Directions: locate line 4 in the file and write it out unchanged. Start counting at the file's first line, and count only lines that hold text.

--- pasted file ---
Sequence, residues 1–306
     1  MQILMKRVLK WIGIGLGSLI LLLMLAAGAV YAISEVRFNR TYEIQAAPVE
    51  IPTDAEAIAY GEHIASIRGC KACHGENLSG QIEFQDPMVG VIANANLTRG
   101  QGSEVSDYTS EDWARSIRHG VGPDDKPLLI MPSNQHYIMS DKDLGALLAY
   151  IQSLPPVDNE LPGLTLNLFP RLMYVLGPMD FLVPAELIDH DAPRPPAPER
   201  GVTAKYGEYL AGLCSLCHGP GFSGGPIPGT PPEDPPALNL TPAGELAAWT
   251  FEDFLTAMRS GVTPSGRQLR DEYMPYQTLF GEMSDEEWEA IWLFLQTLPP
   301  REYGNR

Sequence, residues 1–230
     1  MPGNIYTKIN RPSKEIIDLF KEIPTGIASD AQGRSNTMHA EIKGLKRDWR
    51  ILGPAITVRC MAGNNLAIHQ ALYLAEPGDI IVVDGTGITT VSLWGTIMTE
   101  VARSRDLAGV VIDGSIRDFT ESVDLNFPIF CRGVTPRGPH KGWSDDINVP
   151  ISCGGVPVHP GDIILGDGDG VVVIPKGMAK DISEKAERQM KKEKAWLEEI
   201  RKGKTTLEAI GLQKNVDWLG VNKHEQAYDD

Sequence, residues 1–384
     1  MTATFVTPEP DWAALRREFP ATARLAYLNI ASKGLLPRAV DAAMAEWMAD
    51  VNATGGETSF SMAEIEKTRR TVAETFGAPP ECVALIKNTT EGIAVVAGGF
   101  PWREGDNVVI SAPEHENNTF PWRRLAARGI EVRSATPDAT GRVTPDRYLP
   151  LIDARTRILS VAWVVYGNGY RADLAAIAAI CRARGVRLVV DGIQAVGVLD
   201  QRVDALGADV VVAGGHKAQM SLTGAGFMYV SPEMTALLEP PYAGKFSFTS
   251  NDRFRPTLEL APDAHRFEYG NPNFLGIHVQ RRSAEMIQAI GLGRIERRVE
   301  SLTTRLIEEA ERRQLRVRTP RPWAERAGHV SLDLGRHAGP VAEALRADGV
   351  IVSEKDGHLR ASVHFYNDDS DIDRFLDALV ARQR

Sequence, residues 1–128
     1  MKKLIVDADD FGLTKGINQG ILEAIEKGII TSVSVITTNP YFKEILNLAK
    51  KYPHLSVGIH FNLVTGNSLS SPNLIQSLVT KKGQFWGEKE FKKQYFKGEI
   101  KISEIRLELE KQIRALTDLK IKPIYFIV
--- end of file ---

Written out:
   101  QGSEVSDYTS EDWARSIRHG VGPDDKPLLI MPSNQHYIMS DKDLGALLAY